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  • Author: Natalie H. Cole x
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Sarah G. Sanders, Elizabeth Yakes Jimenez, Natalie H. Cole, Alena Kuhlemeier, Grace L. McCauley, M. Lee Van Horn and Alberta S. Kong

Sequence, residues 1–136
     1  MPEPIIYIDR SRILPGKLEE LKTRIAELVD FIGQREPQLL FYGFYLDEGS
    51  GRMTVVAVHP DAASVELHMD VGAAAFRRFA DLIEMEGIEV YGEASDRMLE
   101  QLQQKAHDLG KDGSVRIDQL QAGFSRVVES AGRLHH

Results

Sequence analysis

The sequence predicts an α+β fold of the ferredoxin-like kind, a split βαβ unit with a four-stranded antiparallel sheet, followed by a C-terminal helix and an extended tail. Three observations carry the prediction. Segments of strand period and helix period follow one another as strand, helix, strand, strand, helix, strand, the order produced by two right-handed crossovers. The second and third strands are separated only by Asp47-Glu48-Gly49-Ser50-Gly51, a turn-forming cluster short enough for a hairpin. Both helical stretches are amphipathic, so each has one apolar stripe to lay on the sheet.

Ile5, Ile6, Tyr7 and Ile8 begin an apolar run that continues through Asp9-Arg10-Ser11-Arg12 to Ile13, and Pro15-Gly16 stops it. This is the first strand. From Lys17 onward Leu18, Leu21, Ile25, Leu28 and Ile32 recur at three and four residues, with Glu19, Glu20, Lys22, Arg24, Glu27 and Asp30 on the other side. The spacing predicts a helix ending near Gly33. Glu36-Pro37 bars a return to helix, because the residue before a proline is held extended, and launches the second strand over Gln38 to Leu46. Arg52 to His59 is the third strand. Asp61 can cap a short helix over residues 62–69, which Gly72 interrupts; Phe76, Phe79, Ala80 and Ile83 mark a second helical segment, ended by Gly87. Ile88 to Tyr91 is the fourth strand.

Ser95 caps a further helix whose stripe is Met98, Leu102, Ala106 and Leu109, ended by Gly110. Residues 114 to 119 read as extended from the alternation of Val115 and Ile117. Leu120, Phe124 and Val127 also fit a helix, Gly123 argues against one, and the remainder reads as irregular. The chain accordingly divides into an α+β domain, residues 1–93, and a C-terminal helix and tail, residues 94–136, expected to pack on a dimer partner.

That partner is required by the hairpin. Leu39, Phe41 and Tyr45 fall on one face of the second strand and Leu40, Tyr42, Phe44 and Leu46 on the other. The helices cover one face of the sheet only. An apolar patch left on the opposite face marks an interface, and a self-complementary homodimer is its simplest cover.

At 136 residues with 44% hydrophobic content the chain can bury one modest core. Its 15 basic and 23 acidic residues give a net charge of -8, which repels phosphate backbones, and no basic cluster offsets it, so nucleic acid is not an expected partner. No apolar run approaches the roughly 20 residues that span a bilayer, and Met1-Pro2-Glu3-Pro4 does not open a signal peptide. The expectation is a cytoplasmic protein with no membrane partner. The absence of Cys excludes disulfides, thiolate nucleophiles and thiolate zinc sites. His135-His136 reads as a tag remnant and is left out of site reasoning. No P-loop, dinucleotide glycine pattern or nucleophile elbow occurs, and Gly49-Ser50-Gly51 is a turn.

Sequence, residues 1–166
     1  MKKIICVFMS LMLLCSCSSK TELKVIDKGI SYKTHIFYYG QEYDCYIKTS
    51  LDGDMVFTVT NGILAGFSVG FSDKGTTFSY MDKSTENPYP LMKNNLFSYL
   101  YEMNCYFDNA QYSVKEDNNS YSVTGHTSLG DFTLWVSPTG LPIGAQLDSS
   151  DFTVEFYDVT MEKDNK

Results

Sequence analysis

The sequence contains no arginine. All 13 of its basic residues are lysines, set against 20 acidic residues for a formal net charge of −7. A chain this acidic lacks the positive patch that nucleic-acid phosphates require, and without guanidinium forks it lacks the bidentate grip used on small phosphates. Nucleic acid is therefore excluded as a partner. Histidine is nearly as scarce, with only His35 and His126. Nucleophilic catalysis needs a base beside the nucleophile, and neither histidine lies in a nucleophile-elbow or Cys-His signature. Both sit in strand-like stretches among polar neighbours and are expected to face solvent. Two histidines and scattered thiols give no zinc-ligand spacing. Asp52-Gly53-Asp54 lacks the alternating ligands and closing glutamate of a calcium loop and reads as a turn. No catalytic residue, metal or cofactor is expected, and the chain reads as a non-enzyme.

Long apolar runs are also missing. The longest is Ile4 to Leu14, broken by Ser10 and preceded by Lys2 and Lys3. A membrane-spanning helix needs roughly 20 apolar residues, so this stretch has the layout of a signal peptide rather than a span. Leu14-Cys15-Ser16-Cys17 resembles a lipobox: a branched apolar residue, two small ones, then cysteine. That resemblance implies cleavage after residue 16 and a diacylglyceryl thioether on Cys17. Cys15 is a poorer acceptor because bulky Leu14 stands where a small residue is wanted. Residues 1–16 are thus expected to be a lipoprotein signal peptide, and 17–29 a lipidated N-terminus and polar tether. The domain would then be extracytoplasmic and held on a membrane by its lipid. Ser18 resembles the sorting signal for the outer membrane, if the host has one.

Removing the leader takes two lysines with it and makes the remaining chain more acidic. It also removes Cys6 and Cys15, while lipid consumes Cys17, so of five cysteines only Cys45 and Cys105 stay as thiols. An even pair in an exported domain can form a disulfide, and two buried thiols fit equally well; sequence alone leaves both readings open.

Background: Reports of physical activity (PA) measured via wrist-worn accelerometers in adolescents are limited. This study describes PA levels in adolescents at baseline of an obesity prevention and weight management trial. Methods: Adolescents (n = 930) at 8 high schools wore an accelerometer for 7 days, with average acceleration values of <50 mg, >150 mg, and >500 mg categorized as sedentary, moderate, and vigorous PA, respectively. In a 3-level mixed-effects generalized linear model, PA was regressed on sex, weight status, and day of week. Daily PA was nested within students, and students within schools, with random effects included for both. Results: Adolescents accumulated a median of 40 minutes daily of moderate to vigorous PA (MVPA). MVPA was significantly different for teens with obesity versus teens with normal weight (−5.4 min/d, P = .03); boys versus girls (16.3 min/d, P < .001); and Sundays versus midweek (−16.6 min/d, P < .001). Average sedentary time increased on weekends (Saturday: 19.1 min/d, P < .001; Sunday: 44.8 min, P < .001) relative to midweek but did not differ by sex or weight status. Conclusions: Interventions to increase PA in adolescents may benefit from focusing on increasing weekend PA and increasing MVPA in girls.